What’s the #1 way to ensure your business grows slower than a ‘73 VW Beetle on its way to a Grateful Dead concert?
By abandoning your client or customer at the end of the project or service.
Why is this true?
Because for micro-business owners, our current customers represent two very valuable and important assets: 1) repeat business opportunities, and 2) our greatest referral sources. We ignore them at our peril.
You may have done truly outstanding work for your client. But simply forgetting about her at the end of the project or service is a surefire way to lower your referral rate.
I know that many people feel completely forsaken by their CPAs after the tax return is finished in March or April. The client never hears from the accountant again until later in the year when it’s time for a (billable) tax planning session. I was recently mortified to learn that a client was afraid to call me because he didn’t want to be billed! I guess I haven’t done a good enough job explaining myself. That’s almost never how I roll.
So why not preempt the client’s feeling of abandonment? Why not take the time to show you’re more than just a green-eyed money-grubber? (Hey, I’m a CPA, not a banker! :-)) It doesn’t take that much time or imagination to adopt a simple yet proactive keep-in-touch strategy designed to help clients and customers feel thought after and cared for.
Long after people forget what you said or did, they will remember how you made them feel. And people always feel better if they believe you’re genuinely interested in them and don’t intend to leave them on the side of a dark desert highway.
Improve your referral rates just by keeping in touch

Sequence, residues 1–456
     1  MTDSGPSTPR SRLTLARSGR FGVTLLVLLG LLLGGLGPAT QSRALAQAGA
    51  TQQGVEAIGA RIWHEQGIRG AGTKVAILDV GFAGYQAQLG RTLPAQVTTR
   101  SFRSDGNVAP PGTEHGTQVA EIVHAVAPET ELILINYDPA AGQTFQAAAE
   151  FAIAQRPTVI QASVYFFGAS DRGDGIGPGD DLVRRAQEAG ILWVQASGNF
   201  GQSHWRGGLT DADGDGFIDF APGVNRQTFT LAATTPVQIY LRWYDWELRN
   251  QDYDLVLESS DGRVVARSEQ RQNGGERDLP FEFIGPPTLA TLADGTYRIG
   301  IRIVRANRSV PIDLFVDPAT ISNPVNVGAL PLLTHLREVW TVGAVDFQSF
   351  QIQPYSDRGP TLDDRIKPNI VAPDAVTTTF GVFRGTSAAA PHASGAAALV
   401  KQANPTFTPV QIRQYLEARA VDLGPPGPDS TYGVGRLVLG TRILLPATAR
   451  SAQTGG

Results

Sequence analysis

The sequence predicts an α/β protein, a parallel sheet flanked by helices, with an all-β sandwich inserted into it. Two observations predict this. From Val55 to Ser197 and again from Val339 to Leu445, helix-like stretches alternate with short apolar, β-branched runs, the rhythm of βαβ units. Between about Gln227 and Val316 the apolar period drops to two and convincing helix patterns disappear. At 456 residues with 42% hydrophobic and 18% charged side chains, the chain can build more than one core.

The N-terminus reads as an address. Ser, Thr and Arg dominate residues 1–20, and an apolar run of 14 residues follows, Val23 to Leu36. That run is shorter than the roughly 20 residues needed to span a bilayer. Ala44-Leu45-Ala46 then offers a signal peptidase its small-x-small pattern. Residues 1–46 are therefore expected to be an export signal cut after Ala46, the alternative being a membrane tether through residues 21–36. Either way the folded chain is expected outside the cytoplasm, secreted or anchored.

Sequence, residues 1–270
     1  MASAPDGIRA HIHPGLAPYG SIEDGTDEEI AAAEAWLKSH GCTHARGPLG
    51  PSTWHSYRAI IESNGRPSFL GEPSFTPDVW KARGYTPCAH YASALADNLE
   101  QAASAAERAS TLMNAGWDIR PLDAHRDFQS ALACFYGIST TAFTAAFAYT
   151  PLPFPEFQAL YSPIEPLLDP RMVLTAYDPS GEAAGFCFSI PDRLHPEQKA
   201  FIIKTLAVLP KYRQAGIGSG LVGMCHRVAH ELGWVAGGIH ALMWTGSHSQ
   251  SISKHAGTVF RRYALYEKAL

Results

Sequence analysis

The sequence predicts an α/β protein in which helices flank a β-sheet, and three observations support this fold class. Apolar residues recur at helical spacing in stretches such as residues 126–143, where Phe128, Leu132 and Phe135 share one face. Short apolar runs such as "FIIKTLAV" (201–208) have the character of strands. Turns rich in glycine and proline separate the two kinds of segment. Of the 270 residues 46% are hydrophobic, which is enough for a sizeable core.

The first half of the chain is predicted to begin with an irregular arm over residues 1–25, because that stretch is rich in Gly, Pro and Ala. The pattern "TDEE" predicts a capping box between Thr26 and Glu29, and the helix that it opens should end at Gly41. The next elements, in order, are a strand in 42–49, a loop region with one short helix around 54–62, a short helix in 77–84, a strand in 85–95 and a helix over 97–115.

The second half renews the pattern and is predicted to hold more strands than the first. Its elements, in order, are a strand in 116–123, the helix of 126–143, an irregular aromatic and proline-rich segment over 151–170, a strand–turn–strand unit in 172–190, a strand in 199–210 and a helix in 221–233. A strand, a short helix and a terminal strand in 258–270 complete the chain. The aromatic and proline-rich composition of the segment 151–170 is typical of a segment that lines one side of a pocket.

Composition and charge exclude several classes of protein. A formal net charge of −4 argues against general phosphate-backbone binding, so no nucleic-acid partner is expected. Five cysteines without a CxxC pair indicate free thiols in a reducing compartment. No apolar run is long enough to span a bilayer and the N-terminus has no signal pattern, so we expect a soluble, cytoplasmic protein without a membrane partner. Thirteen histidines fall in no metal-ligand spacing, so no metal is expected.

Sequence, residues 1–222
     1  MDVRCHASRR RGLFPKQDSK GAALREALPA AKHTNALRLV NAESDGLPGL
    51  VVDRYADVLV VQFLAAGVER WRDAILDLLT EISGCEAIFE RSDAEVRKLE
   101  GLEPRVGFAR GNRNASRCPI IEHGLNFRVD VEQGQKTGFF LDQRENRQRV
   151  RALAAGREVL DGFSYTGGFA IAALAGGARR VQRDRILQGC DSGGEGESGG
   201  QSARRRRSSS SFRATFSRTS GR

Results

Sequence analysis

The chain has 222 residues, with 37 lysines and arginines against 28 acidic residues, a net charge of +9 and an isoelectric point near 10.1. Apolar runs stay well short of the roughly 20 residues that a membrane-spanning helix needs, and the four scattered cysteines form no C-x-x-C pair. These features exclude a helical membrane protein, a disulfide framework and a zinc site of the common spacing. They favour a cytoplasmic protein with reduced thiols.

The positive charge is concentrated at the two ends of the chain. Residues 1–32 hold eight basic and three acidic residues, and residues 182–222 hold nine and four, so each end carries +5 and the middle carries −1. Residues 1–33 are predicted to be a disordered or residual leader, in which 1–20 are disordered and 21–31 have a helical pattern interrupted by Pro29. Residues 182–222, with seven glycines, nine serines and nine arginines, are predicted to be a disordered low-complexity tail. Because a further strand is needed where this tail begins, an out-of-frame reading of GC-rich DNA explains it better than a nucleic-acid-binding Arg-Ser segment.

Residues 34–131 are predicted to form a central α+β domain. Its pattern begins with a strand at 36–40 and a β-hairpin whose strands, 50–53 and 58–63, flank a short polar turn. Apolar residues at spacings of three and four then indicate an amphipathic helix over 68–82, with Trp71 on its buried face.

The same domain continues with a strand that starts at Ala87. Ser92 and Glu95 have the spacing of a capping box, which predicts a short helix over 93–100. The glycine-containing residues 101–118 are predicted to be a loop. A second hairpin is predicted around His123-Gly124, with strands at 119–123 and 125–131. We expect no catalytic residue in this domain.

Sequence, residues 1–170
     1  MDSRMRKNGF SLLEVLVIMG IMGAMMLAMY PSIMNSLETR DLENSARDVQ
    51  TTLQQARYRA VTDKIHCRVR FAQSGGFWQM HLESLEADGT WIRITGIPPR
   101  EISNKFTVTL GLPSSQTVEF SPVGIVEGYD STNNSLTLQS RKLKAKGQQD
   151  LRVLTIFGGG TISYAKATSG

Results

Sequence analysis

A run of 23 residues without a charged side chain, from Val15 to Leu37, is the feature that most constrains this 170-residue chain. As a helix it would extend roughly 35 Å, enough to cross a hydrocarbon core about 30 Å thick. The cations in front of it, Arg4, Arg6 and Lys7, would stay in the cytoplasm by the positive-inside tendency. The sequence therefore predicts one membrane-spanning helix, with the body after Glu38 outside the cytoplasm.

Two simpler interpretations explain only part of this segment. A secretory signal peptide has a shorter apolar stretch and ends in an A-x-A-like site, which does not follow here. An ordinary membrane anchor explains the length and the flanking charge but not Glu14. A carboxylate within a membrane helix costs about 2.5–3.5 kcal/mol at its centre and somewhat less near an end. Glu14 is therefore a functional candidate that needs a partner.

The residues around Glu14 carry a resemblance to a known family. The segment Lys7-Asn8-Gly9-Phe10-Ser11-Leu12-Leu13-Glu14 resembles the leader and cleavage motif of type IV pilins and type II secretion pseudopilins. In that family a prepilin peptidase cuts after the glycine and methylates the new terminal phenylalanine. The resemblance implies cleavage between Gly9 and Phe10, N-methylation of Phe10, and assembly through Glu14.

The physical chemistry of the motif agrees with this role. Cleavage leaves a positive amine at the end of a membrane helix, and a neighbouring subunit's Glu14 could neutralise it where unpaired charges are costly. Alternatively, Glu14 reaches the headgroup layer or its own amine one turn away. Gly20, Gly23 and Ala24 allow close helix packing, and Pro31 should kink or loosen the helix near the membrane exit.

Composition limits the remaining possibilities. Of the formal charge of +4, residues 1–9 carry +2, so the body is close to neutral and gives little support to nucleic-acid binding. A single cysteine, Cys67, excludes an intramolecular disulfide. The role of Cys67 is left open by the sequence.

The project is finished. You’ve been paid, the customer is (hopefully) delighted with the result. Now what happens? Do you go immediately on your merry way in search of the next customer or project?
No. You make a note in your calendar to later check in with that customer.
Acquiring new customers is a vitally important business process, no doubt. But remembering to give current customers some small indication that you actually care goes a long way toward improving your referral rate.
But the truth is: Maybe you’ll get more business by caring, maybe you won’t. That’s not the point. Keeping in touch with current customers in a non-cheesy, non-salesy, honest-to-god-interested way is just a huge part of the reality of human-focused micro-business.
Ask yourself: “How can I be generous here?” Don’t be afraid to reach out and (gasp!) even do a bit of work for free.
So what does an easy keep-in-touch strategy look like exactly?
Some people will require a phone call, but for most others a short and informal email will work just fine. Depending on your industry, send it a week or a month (or even two) after the project’s completion. Those emails might look something like this:
Web developer: “Hi! Are you enjoying your new site? What’s been your feedback so far? If there’s anything troubling or confusing you, please let me know so I can help fix it.”
E-product creator: “Hi customer! Thanks so much for buying my Guide To Using Kettlebells Without Looking Silly. Do you have any questions? Is there anything I can do to help improve the product’s usefulness for you?”
Bike shop: “Thanks so much for buying your new bicycle from us! How’s it going? Have you found all the great trails? Let me tell you about this one, which is my favorite.”
CPA: “Hi client! I’m just checking in to see how you’re enjoying
Dante’s Inferno summer. How’s business going? Is there anything I can do to help, or questions I can answer?”
Basically here’s what to do, and it’s really simple: Be helpful, be brief, and ask. Then listen.
Build credibility through honest conversations. Relate and listen to customers rather than just sell to them. Make a connection. Let them know you’re still around. Don’t ask for anything. Just be generous and remember they’re there. They’ll more likely remember you when a friend or colleague of theirs asks for a referral.
(Photo by wlbj)